A prime number (or a prime) is a natural number greater than 1 that has no positive divisors other than 1 and itself. A natural number greater than 1 that is not a prime number is called a composite number. For example, 5 is prime because only 1 and 5 evenly divide it, whereas 6 is composite because it has the divisors 2 and 3 in addition to 1 and 6. The fundamental theorem of arithmetic establishes the central role of primes in number theory: any integer greater than 1 can be expressed as a product of primes that is unique up to ordering. The uniqueness in this theorem requires excluding 1 as a prime because one can include arbitrarily many copies of 1 in any factorization, e.g., 3, 1 × 3, 1 × 1 × 3, etc. are all valid factorizations of 3.
The property of being prime is called primality. A simple but slow method of verifying the primality of a given number n is known as trial division. It consists of testing whether n is a multiple of any integer between 2 and . Algorithms that are much more efficient than trial division have been devised to test the primality of large numbers. Particularly fast methods are available for numbers of special forms, such as Mersenne numbers. As of February 2013 , the largest known prime number has 17,425,170 decimal digits.
There are infinitely many primes, as demonstrated by Euclid around 300 BC. There is no known useful formula that sets apart all of the prime numbers from composites. However, the distribution of primes, that is to say, the statistical behaviour of primes in the large, can be modeled. The first result in that direction is the prime number theorem, proven at the end of the 19th century, which says that the probability that a given, randomly chosen number n is prime is inversely proportional to its number of digits, or to the logarithm of n.
Many questions around prime numbers remain open, such as Goldbach's conjecture, which proposes that every even integer greater than 2 can be expressed as the sum of two primes, and the twin prime conjecture, which says that there are infinitely many pairs of primes whose difference is 2. Such questions spurred the development of various branches of number theory, focusing on analytic or algebraic aspects of numbers. Primes are used in several routines in information technology, such as public-key cryptography, which makes use of properties such as the difficulty of factoring large numbers into their prime factors. Prime numbers give rise to various generalizations in other mathematical domains, mainly algebra, such as prime elements and prime ideals.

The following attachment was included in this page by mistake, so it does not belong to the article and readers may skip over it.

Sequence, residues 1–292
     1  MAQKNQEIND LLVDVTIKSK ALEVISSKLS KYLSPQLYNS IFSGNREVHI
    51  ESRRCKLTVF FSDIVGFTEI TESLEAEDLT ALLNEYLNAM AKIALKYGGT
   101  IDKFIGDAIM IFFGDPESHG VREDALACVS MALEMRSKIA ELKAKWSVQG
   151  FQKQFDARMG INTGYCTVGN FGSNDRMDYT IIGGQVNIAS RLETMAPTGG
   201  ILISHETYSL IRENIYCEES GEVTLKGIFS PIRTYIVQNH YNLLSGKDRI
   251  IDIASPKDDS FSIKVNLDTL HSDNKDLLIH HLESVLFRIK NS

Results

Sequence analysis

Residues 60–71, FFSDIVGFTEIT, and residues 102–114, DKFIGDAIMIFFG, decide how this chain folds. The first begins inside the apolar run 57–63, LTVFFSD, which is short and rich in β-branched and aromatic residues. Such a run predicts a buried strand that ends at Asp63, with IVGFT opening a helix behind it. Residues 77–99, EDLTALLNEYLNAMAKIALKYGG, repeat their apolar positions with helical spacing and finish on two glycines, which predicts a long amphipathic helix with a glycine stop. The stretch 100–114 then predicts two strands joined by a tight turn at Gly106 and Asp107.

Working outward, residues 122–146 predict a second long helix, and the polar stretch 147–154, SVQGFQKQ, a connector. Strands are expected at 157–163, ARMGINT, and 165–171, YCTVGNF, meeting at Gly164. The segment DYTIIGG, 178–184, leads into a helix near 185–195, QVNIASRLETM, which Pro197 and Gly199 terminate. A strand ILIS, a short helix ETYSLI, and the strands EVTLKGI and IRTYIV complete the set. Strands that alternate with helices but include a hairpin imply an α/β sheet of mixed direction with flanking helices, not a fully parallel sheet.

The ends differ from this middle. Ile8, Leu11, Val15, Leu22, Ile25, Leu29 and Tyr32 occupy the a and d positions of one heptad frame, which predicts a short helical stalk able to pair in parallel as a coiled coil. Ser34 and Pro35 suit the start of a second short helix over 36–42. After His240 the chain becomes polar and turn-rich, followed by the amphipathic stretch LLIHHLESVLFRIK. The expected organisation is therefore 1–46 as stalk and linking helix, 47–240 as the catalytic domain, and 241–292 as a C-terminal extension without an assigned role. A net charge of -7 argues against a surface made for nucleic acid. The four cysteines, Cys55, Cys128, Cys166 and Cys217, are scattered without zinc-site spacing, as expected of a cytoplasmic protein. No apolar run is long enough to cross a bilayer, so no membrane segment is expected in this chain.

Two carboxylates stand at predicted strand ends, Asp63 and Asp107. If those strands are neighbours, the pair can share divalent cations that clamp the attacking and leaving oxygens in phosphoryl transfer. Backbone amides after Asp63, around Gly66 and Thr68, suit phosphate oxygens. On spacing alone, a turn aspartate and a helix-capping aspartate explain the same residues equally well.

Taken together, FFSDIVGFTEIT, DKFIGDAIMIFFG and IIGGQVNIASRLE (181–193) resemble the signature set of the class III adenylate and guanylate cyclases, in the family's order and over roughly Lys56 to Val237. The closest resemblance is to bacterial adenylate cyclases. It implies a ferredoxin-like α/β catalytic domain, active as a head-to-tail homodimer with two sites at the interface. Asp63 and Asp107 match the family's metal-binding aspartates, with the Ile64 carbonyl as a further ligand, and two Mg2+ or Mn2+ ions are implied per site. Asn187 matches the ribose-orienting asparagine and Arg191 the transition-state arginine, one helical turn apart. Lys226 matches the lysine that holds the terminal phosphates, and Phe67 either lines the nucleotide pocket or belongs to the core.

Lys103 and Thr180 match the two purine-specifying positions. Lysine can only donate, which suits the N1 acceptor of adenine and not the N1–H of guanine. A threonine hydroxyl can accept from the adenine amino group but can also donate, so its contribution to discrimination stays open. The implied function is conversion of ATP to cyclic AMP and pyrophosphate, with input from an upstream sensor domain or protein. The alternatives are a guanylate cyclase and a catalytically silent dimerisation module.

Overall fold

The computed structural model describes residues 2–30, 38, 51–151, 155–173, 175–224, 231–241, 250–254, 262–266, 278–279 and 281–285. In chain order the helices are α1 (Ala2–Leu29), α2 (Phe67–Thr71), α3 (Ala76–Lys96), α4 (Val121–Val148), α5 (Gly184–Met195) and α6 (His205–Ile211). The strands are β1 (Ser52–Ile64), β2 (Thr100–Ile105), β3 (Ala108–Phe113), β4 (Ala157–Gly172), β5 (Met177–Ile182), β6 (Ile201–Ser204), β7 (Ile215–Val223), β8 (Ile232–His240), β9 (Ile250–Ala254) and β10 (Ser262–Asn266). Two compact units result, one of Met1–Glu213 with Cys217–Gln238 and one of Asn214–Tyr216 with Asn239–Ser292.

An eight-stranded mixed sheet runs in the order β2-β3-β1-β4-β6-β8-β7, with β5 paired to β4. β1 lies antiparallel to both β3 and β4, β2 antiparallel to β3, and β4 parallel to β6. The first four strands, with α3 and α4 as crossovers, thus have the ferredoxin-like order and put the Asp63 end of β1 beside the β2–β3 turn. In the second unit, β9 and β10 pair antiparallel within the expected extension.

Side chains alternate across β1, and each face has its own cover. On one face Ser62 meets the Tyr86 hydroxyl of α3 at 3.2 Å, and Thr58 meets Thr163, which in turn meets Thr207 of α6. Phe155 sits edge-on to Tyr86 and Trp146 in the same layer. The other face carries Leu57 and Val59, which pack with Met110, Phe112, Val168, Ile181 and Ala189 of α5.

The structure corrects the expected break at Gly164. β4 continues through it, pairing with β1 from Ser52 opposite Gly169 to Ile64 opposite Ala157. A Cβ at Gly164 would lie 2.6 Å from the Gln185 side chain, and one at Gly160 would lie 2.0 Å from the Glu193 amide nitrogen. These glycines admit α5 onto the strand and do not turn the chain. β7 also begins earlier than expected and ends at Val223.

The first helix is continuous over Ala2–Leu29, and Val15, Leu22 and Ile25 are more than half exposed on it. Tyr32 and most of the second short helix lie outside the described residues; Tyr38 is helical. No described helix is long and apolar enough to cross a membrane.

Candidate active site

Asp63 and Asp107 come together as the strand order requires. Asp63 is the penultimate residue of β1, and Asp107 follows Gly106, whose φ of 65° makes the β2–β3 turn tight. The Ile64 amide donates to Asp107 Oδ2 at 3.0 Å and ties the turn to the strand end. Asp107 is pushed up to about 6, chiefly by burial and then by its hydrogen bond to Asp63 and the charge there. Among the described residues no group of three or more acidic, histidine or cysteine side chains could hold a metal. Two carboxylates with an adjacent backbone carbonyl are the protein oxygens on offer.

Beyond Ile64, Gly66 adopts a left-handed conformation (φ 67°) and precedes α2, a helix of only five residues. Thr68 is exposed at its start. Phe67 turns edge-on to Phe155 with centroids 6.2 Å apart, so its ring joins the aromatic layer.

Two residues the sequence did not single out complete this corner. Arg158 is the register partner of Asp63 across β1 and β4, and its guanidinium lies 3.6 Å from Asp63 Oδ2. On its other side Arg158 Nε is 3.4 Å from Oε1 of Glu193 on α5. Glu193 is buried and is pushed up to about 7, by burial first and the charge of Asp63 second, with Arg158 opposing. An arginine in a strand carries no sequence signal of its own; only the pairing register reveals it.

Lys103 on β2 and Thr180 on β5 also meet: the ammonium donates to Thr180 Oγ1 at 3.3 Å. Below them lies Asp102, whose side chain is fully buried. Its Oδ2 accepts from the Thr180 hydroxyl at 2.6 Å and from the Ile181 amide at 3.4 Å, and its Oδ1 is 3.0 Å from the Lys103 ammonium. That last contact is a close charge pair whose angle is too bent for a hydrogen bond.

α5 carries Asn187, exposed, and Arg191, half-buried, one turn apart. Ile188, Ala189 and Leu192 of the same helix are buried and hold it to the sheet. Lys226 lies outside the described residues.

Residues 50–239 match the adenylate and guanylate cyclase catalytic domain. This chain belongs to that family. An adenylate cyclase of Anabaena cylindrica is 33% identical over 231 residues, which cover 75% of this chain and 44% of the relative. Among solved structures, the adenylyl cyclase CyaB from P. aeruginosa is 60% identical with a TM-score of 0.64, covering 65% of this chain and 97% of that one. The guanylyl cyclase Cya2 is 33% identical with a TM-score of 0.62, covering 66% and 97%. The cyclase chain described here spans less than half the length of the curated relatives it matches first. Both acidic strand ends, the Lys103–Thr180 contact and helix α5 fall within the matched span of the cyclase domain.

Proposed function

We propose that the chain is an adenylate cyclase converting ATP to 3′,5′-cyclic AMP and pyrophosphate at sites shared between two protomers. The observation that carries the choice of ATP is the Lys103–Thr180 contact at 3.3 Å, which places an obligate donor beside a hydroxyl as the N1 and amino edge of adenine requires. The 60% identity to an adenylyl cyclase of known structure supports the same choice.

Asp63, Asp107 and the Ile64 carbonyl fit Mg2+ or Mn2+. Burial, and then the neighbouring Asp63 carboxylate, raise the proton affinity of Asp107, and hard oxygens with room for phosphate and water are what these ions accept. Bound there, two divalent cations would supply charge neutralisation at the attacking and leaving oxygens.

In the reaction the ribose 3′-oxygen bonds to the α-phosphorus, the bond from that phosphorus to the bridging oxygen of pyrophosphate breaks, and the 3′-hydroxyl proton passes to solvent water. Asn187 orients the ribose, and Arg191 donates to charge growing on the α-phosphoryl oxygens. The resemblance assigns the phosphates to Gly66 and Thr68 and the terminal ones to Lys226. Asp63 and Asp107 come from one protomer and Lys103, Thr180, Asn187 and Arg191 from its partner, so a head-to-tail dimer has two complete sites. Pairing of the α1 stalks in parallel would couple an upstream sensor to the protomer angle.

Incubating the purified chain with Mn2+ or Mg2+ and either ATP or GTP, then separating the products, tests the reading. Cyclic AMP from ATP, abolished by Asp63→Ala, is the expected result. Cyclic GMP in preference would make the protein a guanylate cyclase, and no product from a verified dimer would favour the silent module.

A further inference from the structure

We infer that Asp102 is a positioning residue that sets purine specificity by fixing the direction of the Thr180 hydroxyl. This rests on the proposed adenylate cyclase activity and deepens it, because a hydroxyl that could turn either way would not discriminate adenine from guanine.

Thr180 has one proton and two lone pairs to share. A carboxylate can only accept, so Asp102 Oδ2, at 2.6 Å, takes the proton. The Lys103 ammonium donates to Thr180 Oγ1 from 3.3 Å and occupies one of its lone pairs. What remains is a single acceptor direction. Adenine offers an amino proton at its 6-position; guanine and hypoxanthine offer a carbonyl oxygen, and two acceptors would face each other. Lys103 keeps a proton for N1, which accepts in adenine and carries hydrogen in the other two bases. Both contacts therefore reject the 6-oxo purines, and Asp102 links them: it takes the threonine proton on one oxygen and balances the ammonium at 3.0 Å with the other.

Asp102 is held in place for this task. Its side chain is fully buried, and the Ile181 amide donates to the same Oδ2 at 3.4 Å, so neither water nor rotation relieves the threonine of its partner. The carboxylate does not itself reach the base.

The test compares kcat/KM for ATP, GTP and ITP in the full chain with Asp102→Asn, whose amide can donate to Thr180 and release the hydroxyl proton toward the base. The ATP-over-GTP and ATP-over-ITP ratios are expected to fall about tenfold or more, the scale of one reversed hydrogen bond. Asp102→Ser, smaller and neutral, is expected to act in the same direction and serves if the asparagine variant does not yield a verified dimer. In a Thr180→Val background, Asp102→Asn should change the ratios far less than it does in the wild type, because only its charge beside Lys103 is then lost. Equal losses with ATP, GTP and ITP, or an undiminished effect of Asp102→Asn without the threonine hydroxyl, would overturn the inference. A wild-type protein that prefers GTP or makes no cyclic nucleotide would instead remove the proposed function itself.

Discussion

Definition and examples [
A natural number (i.e. 1, 2, 3, 4, 5, 6, etc.) is called a prime or a prime number if it has exactly two positive divisors, 1 and the number itself. Natural numbers greater than 1 that are not prime are called composite.
The number 12 is not a prime, as 12 items can be placed into 3 equal-size columns of 4 each (among other ways). 11 items cannot be all placed into several equal-size columns of more than 1 item each without some extra items leftover (a remainder). Therefore the number 11 is a prime.
Among the numbers 1 to 6, the numbers 2, 3, and 5 are the prime numbers, while 1, 4, and 6 are not prime. 1 is excluded as a prime number, for reasons explained below. 2 is a prime number, since the only natural numbers dividing it are 1 and 2. Next, 3 is prime, too: 1 and 3 do divide 3 without remainder, but 3 divided by 2 gives remainder 1. Thus, 3 is prime. However, 4 is composite, since 2 is another number (in addition to 1 and 4) dividing 4 without remainder: